There is, however, an out from this spiral. The numbness that I believe creeps over the watcher is a product not just of shock, but of futility in the face of horror. It is a fatalism born out of the meaninglessness of resisting suffering. Consequently, when resistance isn’t futile, I don’t think the audience has the same reaction. The horror stays sharp because there is some hope that it can be defeated or otherwise overcome. When there is a genuine conflict and the end is not clearly already decided, then every shock is registered fresh as part of a moving, changing situation. Even smaller incidents are magnified because they are relevant for the outcome of the scene. Humans pay attention to the meaningful. For this meaningful conflict to happen, the victims need to be protagonists. Furthermore, viewers have to care about their fates. This doesn’t mean they have to be likable or that they have to survive. But it does mean that the viewer has to perceive that something other than the whims of the filmmaker decides whether they live or die.

The problem with torture porn is that, regardless of any tacked on moral justifications (such as Hostel and Touristas, each claiming to be some sort of satire on American mores), a more powerful mechanism of viewer identification is at always at work. And this identification is, before any would-be lesson, the real point of the film. Whether it is intended or not, all torture porn disintegrates into a game of ratcheting up the level or torture to evoke a reaction in the audience. As such, it is predicated on the irrelevance of the victim who, by design, vanishes under the weight of the nearly mathematical operation of the genre. There is an irony that the most common defense found in torture porn flicks is that it is a criticism of the arrogant exploitation of others as the genre requires a simulation of arrogant exploitation. Ultimately, such films are imaginatively on the side of the torturers.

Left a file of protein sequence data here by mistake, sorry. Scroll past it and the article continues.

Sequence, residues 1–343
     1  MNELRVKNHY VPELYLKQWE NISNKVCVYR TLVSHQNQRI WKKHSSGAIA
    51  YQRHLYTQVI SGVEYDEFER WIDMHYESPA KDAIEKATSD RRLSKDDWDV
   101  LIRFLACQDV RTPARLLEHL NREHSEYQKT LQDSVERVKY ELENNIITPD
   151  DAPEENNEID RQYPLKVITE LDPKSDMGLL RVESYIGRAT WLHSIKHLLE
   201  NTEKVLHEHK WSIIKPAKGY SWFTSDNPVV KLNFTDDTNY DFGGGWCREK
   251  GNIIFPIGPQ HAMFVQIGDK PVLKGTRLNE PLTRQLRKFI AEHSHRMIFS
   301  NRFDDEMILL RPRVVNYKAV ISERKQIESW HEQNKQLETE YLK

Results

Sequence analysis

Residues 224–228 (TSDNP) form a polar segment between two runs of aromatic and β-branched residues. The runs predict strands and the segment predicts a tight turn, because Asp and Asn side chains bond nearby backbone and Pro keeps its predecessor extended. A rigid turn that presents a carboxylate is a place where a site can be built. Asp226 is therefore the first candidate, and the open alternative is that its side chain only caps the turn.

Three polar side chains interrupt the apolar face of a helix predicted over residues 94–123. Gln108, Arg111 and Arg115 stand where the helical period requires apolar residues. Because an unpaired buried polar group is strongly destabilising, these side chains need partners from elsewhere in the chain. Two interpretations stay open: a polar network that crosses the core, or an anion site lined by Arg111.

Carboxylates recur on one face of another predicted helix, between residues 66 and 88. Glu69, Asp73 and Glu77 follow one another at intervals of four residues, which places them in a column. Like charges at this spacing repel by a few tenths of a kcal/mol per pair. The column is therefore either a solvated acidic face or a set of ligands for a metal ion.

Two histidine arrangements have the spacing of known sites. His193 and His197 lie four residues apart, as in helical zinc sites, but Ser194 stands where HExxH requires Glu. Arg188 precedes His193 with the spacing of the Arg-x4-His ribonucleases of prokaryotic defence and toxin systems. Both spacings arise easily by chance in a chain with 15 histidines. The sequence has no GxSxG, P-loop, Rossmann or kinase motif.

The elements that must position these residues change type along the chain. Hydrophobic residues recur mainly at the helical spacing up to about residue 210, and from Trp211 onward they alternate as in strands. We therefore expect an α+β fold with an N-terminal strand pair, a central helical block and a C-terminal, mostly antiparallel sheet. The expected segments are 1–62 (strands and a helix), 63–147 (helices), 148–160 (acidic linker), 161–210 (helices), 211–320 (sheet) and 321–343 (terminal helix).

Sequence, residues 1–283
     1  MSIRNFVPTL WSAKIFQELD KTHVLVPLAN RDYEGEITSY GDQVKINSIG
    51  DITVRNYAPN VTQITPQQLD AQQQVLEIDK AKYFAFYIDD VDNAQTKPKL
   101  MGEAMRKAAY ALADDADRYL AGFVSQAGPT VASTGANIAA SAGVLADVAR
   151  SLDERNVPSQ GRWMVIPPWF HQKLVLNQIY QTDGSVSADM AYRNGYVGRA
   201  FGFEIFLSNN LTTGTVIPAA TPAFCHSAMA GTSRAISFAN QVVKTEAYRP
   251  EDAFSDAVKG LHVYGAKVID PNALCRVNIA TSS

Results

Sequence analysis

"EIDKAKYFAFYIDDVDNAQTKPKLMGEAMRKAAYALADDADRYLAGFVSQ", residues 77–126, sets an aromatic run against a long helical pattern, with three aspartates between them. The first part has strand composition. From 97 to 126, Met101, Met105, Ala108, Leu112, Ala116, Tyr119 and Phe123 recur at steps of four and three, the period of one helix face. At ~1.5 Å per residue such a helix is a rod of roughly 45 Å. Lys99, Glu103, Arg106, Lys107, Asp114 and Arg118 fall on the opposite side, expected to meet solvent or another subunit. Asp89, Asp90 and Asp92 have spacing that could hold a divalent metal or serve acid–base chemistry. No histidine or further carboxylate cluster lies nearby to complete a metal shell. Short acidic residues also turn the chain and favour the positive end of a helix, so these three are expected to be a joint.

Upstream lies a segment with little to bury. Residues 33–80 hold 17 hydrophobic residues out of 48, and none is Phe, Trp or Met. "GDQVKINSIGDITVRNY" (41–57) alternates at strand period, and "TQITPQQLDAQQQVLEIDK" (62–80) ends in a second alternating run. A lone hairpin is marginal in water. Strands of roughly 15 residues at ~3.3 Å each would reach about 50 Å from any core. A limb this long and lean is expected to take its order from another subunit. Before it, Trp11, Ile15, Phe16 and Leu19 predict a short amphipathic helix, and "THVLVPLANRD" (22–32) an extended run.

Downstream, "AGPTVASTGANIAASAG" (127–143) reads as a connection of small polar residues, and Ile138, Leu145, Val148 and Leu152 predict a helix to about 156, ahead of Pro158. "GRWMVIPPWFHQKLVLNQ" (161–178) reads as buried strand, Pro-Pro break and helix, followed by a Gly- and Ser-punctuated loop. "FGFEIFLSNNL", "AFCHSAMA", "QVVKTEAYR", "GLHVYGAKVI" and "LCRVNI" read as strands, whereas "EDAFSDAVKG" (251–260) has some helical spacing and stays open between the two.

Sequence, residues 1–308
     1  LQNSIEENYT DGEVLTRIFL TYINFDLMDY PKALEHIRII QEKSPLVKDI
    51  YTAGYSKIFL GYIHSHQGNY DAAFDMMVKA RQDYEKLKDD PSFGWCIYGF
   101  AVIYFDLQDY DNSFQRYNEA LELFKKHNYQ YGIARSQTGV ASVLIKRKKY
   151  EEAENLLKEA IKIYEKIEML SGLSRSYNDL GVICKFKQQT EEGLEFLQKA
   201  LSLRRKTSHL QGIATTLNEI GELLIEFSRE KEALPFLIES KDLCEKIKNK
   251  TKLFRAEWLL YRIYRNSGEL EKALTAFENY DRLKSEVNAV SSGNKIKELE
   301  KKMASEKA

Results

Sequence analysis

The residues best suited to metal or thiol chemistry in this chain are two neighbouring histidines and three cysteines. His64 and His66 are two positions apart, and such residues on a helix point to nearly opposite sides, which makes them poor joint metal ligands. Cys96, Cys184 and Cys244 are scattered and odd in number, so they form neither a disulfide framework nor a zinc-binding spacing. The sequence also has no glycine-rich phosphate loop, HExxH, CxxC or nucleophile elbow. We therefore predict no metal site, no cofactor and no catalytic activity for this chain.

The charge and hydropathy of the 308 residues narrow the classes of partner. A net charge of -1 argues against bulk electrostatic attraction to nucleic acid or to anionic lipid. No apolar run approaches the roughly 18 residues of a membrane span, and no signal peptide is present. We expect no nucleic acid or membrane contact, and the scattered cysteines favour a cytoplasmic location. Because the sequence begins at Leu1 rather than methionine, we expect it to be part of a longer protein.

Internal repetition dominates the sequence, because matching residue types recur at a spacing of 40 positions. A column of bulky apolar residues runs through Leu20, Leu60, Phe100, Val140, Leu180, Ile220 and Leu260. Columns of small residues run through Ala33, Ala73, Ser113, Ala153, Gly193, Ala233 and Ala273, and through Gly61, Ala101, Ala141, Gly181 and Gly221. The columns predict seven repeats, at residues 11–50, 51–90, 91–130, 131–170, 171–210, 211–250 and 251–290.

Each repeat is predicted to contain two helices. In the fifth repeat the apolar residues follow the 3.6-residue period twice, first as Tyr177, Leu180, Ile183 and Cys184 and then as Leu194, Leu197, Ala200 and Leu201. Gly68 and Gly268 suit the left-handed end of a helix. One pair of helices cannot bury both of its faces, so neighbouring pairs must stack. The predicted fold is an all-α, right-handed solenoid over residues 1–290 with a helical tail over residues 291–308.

Sick thrills are all good and well. It is a rare human being that doesn’t want to emotionally slum it now and then. Part of power of art is what Keats referred to as negative capability: the ability to imaginatively become somebody or something else for a moment. And there is a value in empathizing with villains as well as with heroes. Even bad art such as torture porn contains its own redemption (though it is rarely in the self-deluding lessons the filmmakers would have us take away) in that we can, without hurting anybody, stand in the shoes of the torturer for a brief moment. This is powerful stuff. These days, when we know our government cavalierly takes on the role of torturer and the court of world opinion tars us all with that brush, it would be odd if nobody explored this dark part of our human potential. However, even done “well” (Pasolini’s Salo stands artistically, if not intellectually, so far ahead of the pack that the producers of Hostel must be thanking their luck stars that Americans don’t watch foreign films) the subgenre seems incapable of producing anything but intellectually dishonest, artistically lazy shock engines. Blood Sucking Freaks is no exception.

I didn’t ever want to do this, but I’m completely breaking out my AM Stations of Tulsa, Oklahoma Movie Ranking System. I know, I know. It is way harsh. But there’s no other system that can handle a movie like this. I’m giving Blood Sucking Freaks, under all of it two thousand titles, a low KRMG 740 rating. It is of historical interest to grindhouse junkies, but otherwise there’s little to recommend it.